Questions About Your Pediatric Dentist

We at Kalamazoo Pediatric Dentistry try to provide everything we can as your pediatric dentists to ensure that you have all the information you need to make you and your children comfortable every time you visit. Take a look through some of our frequently asked questions to get a better idea of why pediatric dentistry is important, with information provided by licensed professionals.

A baby’s front four teeth usually erupt first between 6 and 12 months, and usually all 20 primary teeth have arrived by the age of 3. To comfort a teething child, gently massage the gums with a clean finger, chilled spoon, or a moist gauze pad. A watery sac may appear over the gums when a tooth is erupting. This is called an eruption cyst, and it is usually harmless.

Strong, healthy primary teeth aid children in chewing their food, speaking, and appearance. In addition, the primary teeth hold the space in the jaws for the permanent teeth. While the front four teeth last until 6-7 years of age, the back teeth aren’t replaced until your child is 10-13 years old. Both primary and permanent teeth help give the face its attractive appearance.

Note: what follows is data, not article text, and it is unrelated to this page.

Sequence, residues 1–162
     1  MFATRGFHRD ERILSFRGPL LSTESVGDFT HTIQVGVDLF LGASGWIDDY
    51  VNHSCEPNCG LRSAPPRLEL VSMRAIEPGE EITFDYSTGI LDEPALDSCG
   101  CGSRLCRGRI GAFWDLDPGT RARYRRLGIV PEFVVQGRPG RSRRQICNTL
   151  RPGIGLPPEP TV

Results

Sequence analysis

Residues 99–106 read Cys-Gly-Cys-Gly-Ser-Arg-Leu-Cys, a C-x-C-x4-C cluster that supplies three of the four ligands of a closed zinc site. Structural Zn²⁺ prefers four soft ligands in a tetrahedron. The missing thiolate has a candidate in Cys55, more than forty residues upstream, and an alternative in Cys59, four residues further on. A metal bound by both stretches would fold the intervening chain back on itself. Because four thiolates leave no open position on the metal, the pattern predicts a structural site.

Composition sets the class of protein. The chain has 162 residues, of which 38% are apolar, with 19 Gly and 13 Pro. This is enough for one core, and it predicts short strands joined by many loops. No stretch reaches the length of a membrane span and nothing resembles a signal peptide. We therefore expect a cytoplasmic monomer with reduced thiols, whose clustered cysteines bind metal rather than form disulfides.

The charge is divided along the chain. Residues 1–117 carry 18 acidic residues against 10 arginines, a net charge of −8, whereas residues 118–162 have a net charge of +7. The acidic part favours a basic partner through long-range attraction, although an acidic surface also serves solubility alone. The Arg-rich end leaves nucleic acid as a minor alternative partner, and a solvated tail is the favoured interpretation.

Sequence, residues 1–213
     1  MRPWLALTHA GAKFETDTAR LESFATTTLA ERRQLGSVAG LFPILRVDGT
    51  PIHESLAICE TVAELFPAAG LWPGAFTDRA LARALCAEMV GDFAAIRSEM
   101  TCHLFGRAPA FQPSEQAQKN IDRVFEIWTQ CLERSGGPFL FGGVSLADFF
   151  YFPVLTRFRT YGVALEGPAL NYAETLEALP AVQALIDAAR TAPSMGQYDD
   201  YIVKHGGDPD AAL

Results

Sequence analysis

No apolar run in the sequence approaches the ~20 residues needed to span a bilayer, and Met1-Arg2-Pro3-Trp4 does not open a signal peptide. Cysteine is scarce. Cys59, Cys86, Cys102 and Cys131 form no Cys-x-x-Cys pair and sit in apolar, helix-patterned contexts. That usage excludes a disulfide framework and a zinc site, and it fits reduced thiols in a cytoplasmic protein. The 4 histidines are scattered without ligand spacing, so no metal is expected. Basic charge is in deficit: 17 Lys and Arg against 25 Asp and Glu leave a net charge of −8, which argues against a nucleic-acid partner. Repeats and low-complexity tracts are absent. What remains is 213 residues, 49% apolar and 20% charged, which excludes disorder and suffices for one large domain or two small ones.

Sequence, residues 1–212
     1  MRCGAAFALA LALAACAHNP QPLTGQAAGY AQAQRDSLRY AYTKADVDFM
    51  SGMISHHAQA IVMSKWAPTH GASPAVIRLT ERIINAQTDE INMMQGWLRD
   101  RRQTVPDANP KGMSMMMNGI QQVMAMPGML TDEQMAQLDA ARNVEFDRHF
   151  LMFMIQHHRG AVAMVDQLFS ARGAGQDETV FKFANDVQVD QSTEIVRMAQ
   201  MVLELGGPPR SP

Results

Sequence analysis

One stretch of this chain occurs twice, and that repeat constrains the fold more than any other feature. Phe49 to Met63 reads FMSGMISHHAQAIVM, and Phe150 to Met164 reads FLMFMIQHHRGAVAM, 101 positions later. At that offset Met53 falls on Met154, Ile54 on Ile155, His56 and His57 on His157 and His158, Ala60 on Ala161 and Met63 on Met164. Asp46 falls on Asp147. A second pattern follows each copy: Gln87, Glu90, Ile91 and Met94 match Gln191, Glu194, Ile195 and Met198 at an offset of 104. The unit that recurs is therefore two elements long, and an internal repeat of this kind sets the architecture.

For more information about your child’s first dental visit and their primary teeth visit: American Academy of Pediatric Dentistry.

At your child’s first visit, the doctor will carefully examine the growth and development of your child’s soft tissues and teeth. He will also show you and/or your child how to properly clean the teeth and answer any questions you may have. He will review your child’s diet, give nutritional advice, and make recommendations for bottle and sippy cups use.

The American Academy of Pediatric Dentistry recommends that your child’s first visit to the dentist occur within six months of the arrival of your child’s first tooth and no later than your child’s first birthday. It is important to have your child come this early because dental problems often start early, so the sooner the visit the better. Consider your child’s first visit as a “well baby checkup” for his or her teeth. Also, please be positive when discussing the dentist. Remind them that going to the dentist is a sign that they are growing up.

A pediatric dentist receives an extra two years of specialized training in the oral health of children from infancy through the teenage years. Children of all ages require different approaches in dealing with their behavior, guiding their dental growth and development, and helping them avoid future dental problems. A pediatric dentist is best qualified to meet these needs. Our office is specially designed with a fun environment to treat children from infancy through the teen years, as well as medically, mentally, and physically compromised children.

  • Wipe your baby’s gums with a clean, wet gauze pad or washcloth after each feeding.
  • As soon as the first tooth appears, brush your baby’s teeth with a small smear of fluoridated toothpaste.
  • The American Academy of Pediatrics recommends fluoridated toothpaste as soon as the first tooth.
  • Do not put your baby to bed with a bottle. If you must, then it should contain only water.